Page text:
The Explanation
(for those who require one)

And, of course, that is what all of this is -- all of this: the one song, ever changing, ever reincarnated, that speaks somehow from and to and for that which is ineffable within us and without us, that is both prayer and deliverance, folly and wisdom, that inspires us to dance or smile or simply to go on, senselessly, incomprehensibly, beatifically, in the face of mortality and the truth that our lives are more ill-writ, ill-rhymed and fleeting than any song, except perhaps those songs -- that song, endlesly reincarnated -- born of that truth, be it the moon and June of that truth, or the wordless blue moan, or the rotgut or the elegant poetry of it. That nameless black-hulled ship of Ulysses, that long black train, that Terraplane, that mystery train, that Rocket '88', that Buick 6 -- same journey, same miracle, same end and endlessness."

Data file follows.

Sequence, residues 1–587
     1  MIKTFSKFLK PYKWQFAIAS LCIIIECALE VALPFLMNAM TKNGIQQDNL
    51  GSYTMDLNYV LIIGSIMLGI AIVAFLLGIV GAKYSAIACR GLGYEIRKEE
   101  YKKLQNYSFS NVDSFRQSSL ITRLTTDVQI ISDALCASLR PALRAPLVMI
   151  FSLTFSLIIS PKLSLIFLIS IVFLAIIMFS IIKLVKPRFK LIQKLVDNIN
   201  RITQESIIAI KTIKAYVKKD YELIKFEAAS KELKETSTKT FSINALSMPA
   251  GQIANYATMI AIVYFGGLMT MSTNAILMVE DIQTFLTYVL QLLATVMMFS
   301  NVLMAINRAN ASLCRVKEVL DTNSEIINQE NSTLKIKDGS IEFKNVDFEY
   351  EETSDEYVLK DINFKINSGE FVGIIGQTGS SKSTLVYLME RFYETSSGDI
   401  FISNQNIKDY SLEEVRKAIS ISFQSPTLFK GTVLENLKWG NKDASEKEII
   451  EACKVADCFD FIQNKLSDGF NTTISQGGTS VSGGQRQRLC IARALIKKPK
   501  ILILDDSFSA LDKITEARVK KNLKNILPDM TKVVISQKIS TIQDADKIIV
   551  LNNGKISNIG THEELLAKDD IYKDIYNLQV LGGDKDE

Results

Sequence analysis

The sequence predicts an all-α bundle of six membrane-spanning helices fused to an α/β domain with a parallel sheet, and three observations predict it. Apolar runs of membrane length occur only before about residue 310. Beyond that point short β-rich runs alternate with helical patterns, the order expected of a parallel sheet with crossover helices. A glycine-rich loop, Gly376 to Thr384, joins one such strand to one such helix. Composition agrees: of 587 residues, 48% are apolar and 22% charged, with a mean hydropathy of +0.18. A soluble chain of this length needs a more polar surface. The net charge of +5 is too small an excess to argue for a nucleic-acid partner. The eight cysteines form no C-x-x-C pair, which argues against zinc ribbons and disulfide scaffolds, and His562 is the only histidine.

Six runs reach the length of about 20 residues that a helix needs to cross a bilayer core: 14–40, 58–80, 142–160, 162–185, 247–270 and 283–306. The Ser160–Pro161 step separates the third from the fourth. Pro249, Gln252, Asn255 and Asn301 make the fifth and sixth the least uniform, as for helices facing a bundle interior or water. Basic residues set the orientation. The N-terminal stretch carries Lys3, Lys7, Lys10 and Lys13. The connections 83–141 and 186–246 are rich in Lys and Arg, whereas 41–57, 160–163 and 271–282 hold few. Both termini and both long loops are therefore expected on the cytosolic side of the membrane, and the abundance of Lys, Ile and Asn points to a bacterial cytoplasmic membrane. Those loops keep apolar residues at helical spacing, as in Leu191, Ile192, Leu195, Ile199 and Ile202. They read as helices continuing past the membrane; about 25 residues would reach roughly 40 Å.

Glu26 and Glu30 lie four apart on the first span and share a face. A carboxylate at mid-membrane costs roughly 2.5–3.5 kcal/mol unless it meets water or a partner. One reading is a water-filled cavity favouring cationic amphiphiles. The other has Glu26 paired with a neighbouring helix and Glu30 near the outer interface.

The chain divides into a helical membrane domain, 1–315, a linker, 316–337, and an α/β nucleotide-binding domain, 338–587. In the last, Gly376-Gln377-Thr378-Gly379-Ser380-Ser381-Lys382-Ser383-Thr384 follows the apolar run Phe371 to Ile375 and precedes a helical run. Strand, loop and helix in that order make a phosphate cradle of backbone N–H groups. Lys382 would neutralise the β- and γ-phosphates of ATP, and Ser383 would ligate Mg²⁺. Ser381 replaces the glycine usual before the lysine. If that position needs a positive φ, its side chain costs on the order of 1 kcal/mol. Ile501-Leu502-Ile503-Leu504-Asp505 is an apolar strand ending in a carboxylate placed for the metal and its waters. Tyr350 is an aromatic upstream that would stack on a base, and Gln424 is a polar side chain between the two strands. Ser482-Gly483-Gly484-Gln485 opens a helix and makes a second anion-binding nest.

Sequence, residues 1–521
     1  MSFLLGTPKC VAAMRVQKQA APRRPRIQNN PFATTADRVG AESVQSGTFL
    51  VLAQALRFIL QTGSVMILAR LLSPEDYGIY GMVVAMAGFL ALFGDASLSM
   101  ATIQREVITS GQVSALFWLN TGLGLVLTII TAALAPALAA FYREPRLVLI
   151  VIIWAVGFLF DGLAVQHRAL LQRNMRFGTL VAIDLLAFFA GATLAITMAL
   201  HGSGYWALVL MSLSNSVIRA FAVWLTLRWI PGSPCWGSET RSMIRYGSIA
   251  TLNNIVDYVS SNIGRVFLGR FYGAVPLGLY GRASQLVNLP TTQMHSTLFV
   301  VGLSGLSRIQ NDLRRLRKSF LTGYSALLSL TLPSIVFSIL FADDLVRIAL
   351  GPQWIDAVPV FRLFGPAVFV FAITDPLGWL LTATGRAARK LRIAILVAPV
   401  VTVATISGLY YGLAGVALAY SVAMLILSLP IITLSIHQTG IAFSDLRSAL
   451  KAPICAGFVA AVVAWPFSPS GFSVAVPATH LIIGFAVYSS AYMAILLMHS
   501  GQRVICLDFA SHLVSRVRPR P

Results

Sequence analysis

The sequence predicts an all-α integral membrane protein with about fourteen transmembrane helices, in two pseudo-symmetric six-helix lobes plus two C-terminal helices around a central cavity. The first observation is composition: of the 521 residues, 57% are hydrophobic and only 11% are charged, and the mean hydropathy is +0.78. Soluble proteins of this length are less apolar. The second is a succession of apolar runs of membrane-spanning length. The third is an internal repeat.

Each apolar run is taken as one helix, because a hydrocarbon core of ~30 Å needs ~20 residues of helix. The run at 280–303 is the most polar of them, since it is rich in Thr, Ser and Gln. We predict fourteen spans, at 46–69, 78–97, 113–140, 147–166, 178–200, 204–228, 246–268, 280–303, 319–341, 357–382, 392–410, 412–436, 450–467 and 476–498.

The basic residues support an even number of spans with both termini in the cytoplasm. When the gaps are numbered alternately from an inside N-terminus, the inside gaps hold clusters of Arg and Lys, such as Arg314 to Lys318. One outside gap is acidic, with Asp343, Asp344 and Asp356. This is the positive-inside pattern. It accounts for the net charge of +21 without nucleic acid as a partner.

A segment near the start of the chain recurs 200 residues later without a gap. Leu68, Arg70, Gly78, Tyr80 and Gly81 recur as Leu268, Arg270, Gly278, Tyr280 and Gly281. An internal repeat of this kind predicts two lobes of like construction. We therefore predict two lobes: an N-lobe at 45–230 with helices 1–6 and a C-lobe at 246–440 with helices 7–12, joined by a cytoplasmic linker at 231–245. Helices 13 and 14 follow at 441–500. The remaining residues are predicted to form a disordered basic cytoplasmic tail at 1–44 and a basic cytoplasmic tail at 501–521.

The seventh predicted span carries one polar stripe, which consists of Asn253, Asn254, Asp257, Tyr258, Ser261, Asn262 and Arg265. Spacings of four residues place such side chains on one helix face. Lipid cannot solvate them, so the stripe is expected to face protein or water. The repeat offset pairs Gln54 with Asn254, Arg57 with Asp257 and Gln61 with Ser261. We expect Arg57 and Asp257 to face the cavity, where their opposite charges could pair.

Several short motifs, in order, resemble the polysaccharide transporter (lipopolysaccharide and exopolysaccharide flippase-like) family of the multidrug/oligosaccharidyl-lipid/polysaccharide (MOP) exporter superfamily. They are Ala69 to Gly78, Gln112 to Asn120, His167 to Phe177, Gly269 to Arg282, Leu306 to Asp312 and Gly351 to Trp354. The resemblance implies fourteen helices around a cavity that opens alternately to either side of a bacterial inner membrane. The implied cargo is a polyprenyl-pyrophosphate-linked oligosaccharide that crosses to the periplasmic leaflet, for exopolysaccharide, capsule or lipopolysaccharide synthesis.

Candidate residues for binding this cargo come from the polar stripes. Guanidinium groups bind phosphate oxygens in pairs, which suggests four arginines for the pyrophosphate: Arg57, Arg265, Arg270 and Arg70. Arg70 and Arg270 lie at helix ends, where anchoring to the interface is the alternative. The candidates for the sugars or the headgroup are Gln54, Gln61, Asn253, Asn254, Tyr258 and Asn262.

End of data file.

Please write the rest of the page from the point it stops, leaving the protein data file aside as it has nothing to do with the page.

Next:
-- Nick Tosches, Where Dead Voices Gather

A Strange Musical Moment

Last night I was catching up on some television programs I'd taped but hadn't yet watched; one of which was a three-hour interview with Tom Wolfe on Book-TV's monthly "In Depth" program. During the course of the discussion, Brian Lamb . . . who likes to ask odd questions designed to throw his subject off their guard . . . asked the author what kind of music he listens to. Wolfe stated that he was a fan of Country music (nothing wrong with that; so'm I), but then he proceeded to sing . . . sing!! . . . a verse from the old Country standard, "Wreck on the Highway".

I tell you . . . you have not lived until you've heard Tom Wolfe sing "Wreck on the Highway".

No comments :